After spending more than 10 years writing about videogames at GameSpot, where he rose to the rank of editor-in-chief, Greg Kasavin made the transition to game development in 2007 when he joined EA LA as a producer. Last year he signed on as creative director of Supergiant Games, whose highly anticipated title Bastion is slated to drop on XBLA this summer. We asked Greg about his love of well-crafted stories and why he chose a career in games over literature.
What were your favorite stories growing up?
As a kid growing up in the mid-to-late-’80s, I loved a lot of the vivid fantasy and science fiction of the era. I was as big a fan of Star Wars as anyone, but thanks to having an older brother by three-and-a-half years, I got early access to such classics as Conan: The Barbarian, Blade Runner, and RoboCop. I also loved imaginative movies like The Dark Crystal and got into anime at a young age through Robotech. I loved that Robotech dealt with serious themes and characters under the guise of a cartoon.
I was basically a big fat nerd. I read a good number of books, but the games I played as a kid have stuck with me much more. Ultima V, Wing Commander I and II, Phantasy Star II, Star Control II, and Final Fantasy IV and VI are all standouts. They were well written, surprising, and emotionally as powerful as any of the stuff I’d read or watched at the time.
What about those particular game narratives resonated with you?
The thing that all of them had in common was that they were these crafted narratives where, at key moments at least, I became an active participant in what happened. In the Wing Commander games, all of your wingmates are these three-dimensional characters with distinct personalities and motivations, but if you’re negligent when you’re out there on a combat mission, you can get them killed. It felt pretty awful and amazing at the same time. Or in the classic 16-bit Final Fantasy games, you’re driving these multifaceted characters on these grand journeys that sometimes put the characters at odds with each other. These games felt like they were taking advantage of the unique properties of the medium to tell their stories.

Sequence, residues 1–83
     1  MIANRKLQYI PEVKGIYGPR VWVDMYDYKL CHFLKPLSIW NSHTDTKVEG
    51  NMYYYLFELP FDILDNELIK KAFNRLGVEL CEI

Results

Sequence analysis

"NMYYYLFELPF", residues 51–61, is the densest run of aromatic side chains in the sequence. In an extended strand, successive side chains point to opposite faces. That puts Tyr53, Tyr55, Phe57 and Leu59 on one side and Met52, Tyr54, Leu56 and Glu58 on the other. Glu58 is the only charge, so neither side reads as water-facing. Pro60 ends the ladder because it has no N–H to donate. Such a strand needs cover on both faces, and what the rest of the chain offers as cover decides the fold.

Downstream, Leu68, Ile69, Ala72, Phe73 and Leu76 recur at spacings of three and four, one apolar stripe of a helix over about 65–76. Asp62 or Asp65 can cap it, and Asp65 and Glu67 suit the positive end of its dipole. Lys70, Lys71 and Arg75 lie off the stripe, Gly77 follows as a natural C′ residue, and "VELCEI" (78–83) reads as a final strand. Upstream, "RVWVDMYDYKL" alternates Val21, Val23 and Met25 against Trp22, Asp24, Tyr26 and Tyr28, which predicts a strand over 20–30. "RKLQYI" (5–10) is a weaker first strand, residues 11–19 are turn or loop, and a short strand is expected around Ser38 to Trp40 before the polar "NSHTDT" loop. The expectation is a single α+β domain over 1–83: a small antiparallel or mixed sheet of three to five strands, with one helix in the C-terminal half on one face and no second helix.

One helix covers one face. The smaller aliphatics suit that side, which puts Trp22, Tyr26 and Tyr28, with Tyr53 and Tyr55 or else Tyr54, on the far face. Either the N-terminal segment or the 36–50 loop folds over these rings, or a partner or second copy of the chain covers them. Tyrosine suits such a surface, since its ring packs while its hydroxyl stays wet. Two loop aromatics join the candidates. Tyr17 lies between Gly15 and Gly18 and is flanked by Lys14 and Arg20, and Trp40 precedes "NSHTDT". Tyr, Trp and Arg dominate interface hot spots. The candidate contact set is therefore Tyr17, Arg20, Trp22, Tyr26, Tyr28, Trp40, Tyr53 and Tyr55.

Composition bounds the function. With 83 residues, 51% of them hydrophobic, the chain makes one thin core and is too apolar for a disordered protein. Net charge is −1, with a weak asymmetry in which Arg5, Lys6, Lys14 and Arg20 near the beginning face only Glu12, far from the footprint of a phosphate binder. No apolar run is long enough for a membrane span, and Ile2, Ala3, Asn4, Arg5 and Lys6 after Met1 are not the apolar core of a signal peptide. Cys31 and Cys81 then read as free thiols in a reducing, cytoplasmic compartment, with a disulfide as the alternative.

The original Fallout was another incredible example of this for me, since at the end of that game, the epilogue reveals the consequences of your actions in the world. I think many of us go through life wondering what if any meaning any of it has, wondering what impact we have on the lives of others and the world around us. Games like this, I think, shed some insight onto those questions. Or if not, then at the least they feel personal and resonant.
While at UC Berkeley, you considered pursuing a career as an English professor. What prompted that idea?
I did consider becoming an English professor while in college, as I was going through a probably typical experience of trying to figure out what I was going to do with my life. I even thought about going into the military, even before all those cool commercials targeted at videogame players. It was sort of a dark time for me, when I felt I was no closer to getting into game development and thinking maybe I should go find something else that came more naturally to me. I was already working at GameSpot, but dreading my future for whatever reason.
My motivations for wanting to become an English professor came from a very negative place: I wanted to have the authority to tell students that they were wrong.
I was very frustrated with most of my professors for being completely unwilling to push back on any of their students. I’d be in these large classes where, inevitably, one or two people would always raise their hands in discussion and offer the class some ridiculous long-winded interpretation of the text, often using it as a platform to reveal too much information about their personal lives. I had a lot of teachers toe the line about how all views are valid, which I never believed, because I always intuitively understood the idea of authorial intent—like, what if that’s not what the author meant at all? Shouldn’t that enter the discussion? It rarely did.